“From the largest tribe in the United States to the smallest, the whole spectrum is covered within this grant,” says Janis Campbell, PhD, the project’s principal investigator and the surveillance coordinator for chronic disease in the state’s department of public health.

Every tribe has a slightly different program set up that is unique to its community, Campbell adds, and each program has at least 333 enrollees–the number of active participants required by the grant. Because Native Americans have such a high risk factor for diabetes, the health promotion activities provided through the programs are not restricted to people who currently have the disease. Overall, the focus is on families. “How you get to the family can be different within each project,” says Campbell. “It is community specific.”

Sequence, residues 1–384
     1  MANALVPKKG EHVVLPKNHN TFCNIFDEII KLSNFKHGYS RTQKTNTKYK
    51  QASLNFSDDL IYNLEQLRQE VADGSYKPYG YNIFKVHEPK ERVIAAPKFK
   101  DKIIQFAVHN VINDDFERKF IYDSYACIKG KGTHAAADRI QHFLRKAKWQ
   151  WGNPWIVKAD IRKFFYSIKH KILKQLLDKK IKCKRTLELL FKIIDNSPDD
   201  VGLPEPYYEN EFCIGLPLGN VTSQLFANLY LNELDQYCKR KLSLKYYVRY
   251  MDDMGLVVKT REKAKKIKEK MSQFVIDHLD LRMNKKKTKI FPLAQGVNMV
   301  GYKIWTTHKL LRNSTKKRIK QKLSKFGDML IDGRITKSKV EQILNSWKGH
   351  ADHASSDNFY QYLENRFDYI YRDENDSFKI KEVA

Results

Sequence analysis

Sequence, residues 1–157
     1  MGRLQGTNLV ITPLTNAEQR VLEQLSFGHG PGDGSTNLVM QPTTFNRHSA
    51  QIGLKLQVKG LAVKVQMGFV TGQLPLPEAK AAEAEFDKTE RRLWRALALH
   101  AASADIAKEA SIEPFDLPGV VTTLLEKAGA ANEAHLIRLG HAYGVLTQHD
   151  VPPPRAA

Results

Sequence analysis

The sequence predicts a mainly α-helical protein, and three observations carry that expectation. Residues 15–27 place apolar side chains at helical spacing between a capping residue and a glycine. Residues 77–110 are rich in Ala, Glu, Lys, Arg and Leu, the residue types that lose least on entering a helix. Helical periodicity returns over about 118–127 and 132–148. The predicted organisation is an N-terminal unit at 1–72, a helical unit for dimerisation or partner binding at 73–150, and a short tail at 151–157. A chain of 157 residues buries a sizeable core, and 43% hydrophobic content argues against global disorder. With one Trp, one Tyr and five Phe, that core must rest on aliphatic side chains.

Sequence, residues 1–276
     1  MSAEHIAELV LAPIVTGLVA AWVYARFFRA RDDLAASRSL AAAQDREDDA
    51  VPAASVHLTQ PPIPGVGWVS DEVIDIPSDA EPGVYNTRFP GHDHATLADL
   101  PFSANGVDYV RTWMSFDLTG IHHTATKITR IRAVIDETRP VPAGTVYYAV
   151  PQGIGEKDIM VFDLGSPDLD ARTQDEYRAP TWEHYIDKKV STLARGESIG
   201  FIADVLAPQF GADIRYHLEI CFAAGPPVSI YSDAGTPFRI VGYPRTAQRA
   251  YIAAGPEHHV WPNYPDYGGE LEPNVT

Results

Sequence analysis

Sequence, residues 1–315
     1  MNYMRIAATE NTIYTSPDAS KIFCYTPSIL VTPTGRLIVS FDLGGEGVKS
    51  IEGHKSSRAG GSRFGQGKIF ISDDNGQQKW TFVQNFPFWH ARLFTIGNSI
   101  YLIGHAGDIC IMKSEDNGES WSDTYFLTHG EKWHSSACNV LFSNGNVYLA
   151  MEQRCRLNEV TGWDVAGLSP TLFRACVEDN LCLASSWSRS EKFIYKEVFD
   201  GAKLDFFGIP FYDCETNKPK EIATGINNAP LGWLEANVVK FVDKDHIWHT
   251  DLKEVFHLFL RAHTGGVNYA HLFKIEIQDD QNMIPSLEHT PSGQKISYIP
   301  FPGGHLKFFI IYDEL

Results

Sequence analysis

Because being overweight increases the risk for both heart disease and diabetes, Oklahoma’s REACH program focuses on fighting obesity through physical exercise. Campbell estimates that between the nine different tribal and urban programs approximately 75 physical fitness events take place each week, ranging from walking, aerobics, line dancing and ballet to martial arts, yoga and Pilates.

One of the main reasons why the American Indian population in Oklahoma is facing such a health crisis when it comes to diabetes and CVD is that their lifestyle and diet have changed dramatically over the years, says Ruby Withrow, RN, MPH, who is the diabetes and REACH coordinator for the Absentee Shawnee Tribe of Oklahoma. “Traditionally, Native Americans did eat a lot of meat,” she explains, “but the meat they ate was game meat, like venison or buffalo, which is very lean. There is very little fat in that meat and that was the staple of their diet.”